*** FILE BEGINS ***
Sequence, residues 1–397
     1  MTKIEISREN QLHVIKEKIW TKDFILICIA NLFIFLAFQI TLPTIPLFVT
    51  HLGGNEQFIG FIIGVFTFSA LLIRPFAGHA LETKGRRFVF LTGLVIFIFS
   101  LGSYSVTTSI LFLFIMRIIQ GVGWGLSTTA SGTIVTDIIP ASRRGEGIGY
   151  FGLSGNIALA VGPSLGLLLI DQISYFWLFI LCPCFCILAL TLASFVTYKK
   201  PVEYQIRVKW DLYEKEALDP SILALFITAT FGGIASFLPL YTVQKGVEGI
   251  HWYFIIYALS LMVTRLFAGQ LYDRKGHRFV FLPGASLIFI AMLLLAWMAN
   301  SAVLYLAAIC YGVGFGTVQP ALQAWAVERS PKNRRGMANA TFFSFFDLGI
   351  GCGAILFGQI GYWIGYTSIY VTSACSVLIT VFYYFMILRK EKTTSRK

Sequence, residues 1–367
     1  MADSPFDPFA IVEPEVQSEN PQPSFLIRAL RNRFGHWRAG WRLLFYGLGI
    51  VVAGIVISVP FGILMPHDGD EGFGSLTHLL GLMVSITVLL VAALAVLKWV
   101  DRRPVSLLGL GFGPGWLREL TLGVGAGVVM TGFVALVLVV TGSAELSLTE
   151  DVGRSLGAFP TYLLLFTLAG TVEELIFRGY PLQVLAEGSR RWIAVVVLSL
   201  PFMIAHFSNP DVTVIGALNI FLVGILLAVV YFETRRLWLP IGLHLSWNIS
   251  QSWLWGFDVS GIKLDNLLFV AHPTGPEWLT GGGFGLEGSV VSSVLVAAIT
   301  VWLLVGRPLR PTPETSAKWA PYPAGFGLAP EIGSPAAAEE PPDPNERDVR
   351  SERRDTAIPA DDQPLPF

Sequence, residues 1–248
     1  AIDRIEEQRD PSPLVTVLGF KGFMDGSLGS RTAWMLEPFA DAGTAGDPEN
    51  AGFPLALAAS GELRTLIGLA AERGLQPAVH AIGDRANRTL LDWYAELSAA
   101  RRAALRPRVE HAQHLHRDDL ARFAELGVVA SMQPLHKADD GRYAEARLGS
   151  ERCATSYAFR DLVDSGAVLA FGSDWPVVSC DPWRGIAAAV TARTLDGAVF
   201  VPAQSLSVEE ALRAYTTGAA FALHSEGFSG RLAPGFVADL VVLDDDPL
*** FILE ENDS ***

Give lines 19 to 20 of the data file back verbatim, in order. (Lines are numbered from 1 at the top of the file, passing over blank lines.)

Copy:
Sequence, residues 1–248
     1  AIDRIEEQRD PSPLVTVLGF KGFMDGSLGS RTAWMLEPFA DAGTAGDPEN